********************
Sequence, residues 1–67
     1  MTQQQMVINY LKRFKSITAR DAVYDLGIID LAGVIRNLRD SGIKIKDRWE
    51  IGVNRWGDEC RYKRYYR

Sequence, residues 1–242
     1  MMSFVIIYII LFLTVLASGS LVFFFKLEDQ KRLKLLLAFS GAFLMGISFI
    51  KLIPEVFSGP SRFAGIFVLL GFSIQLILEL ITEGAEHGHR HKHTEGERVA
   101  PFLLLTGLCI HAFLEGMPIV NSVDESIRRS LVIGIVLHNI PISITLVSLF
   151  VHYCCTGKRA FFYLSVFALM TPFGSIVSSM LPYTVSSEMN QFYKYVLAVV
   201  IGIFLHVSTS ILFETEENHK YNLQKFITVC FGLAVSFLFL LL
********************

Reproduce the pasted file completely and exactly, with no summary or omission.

Sequence, residues 1–67
     1  MTQQQMVINY LKRFKSITAR DAVYDLGIID LAGVIRNLRD SGIKIKDRWE
    51  IGVNRWGDEC RYKRYYR

Sequence, residues 1–242
     1  MMSFVIIYII LFLTVLASGS LVFFFKLEDQ KRLKLLLAFS GAFLMGISFI
    51  KLIPEVFSGP SRFAGIFVLL GFSIQLILEL ITEGAEHGHR HKHTEGERVA
   101  PFLLLTGLCI HAFLEGMPIV NSVDESIRRS LVIGIVLHNI PISITLVSLF
   151  VHYCCTGKRA FFYLSVFALM TPFGSIVSSM LPYTVSSEMN QFYKYVLAVV
   201  IGIFLHVSTS ILFETEENHK YNLQKFITVC FGLAVSFLFL LL